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Grizzly bears, black bears, wolves, coyotes, cougars/ mountain lions,bobcats, wolverines, lynx, foxes, fishers and martens are the suite of carnivores that originally inhabited North America after the Pleistocene extinctions. This site invites research, commentary, point/counterpoint on that suite of native animals (predator and prey) that inhabited The Americas circa 1500-at the initial point of European exploration and subsequent colonization. Landscape ecology, journal accounts of explorers and frontiersmen, genetic evaluations of museum animals, peer reviewed 20th and 21st century research on various aspects of our "Wild America" as well as subjective commentary from expert and layman alike. All of the above being revealed and discussed with the underlying goal of one day seeing our Continent rewilded.....Where big enough swaths of open space exist with connective corridors to other large forest, meadow, mountain, valley, prairie, desert and chaparral wildlands.....Thereby enabling all of our historic fauna, including man, to live in a sustainable and healthy environment. - Blogger Rick

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Wednesday, August 7, 2013

Whereas urban states like New Jersey and Connecticut have seen their Black Bear population grow rapidly over the past decade, Louisiana with all of it's swampy backcountry has seen a slower regeneration of what are often referred to as "Teddy Bears"(President Teddy Roosevelt refused to shoot one back in 1902).....................First listed as a threatened species in Louisiana back in 1992, there are two subpopulations of these bears (the smallest in physical size of all American Black Bears), one in the upper Atchafalaya region and one along the coast..........Wildlife Professionals cite the need for connective habitat between the two groups if federal protections are to be lifted............The Bears need to comingle, spread their genes so as to have a fighting chance to perpetuate into the future

Black bear population growing

 slowly in La.
Purchase Image
The Louisiana Black Bear

population has
 gradually grown
 to 500, but whether
 the subspecies that
 inspired teddy bears
can survive without
 federal protection
remains in question.
"The bear is on the
 way to recovery.
We probably have
 a long ways to go,"
 said Harold Schoeffler
 of Lafayette, whose
 lawsuits against the
 U.S. Fish and Wildlife
 Service got the bears
 listed as threatened in
1992 and pushed the
 government into designating
 critical habitat
 for the species in 2005.
He hadn't seen the two new
 studies being
 presented at public meetings
 Monday in
 Pointe Coupee Parish and
Tuesday in
 Morgan City, but said he'll
Tuesday's meeting.
Graduate students Jesse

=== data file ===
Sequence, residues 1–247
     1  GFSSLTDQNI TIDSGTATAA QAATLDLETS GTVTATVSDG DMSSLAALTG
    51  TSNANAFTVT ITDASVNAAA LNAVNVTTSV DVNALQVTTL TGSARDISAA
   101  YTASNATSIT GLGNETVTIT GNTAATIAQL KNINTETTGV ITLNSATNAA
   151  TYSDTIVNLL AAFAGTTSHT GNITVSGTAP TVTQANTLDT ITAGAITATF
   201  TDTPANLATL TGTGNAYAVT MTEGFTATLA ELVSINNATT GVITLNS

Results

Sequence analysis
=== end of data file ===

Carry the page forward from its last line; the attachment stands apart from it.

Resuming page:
Troxler and
Kaitlin O'Connell at the
University of
Tennessee estimated the
 numbers in two
 parts of the Atchafalaya
 Basin through
 DNA analysis of hair
 snagged in barbed
 wire. Their adviser,
Joe Clark, said
Monday they counted
 bears in the
coastal area and the
 upper Atchafalaya.
Altogether there are
 about 200 in both
 groups, with the
coastal group roughly
 double the size of
 the northern group,
 he said.
"A lot of this stuff is
 just preliminary,"
 Clark said in a
telephone interview
Monday. "We're going
 to do an overall
analysis to evaluate what
 the viability of
the entire bear population
 in the state is.
That won't be finished
 until later this year."
An earlier study
estimated the largest
population, in and
around the Tensas
 River National
 Wildlife Refuge in
northeastern Louisiana,
at about 300
as of 2008. The statewide
 total was
estimated at fewer than
 300 when the
 bears were listed as
Another 49 female
bears and their 100
 or so cubs were
moved from Tensas
 to a wildlife management
 area about
50 miles north of Pointe
Coupee Parish
 in the mid-2000s. That
 group hasn't
 been counted, Clark said.
Louisiana black bears
are among 16
subspecies of American
 black bears,
 the smallest bears found
 in the United
 States. The first teddy
bears were
created after President
Teddy Roosevelt
refused in 1902 to shoot
a bear that had
been tied to a tree to
provide a trophy
 for his hunt.
The Fish and Wildlife
Service has
 said that "delisting"
the bears will
require at least two
 groups — one
 in the Tensas area
 and the other
in the Atchafalaya
 River Basin —
 that can survive
without protection.
 In addition, protected,
"corridors" must be
created to let
 them move between
those groups.
O'Connell has found
 that bears
are moving "pretty
 well" between
 the upper Atchafalaya
 and the
Three Rivers Wildlife
Area, Clark said.
That's encouraging,
 said, noting that the
 bears also
 have trundled into
east Texas
and swum the
Mississippi River
 into west Mississippi.
 also found in Arkansas.
However, Clark said,
 very little movement
 so far that
 we can detect between
 Tensas and upper
 populations, or the
Atchafalaya and lower
Atchafalaya population."
Distance is the problem
 bears getting to and
 from the
Tensas group — it's
about 130
 miles from the upper
group and about 80
miles from
Three Rivers. Highways
 movement between
the two
Atchafalaya Basin groups.
Clark said the
 and state scientists
will also
 present information
 habitat requirements
 for bears'
living space and travel
 and a study about
how bears
 reacted when the
 basin was flooded
 by opening
 the Morganza Spillway
the record Mississipp
i River floods of 2011.
Apparently, only about
 8 percent
 of the bears left the
spillway during
the floods, Clark said.
 "We had some
 animals radio-collared,"
 he said.
"They sort of hung out
 in trees and
 on high banks, railroad
 berms —
that kind of thing —
 till the water
went down."

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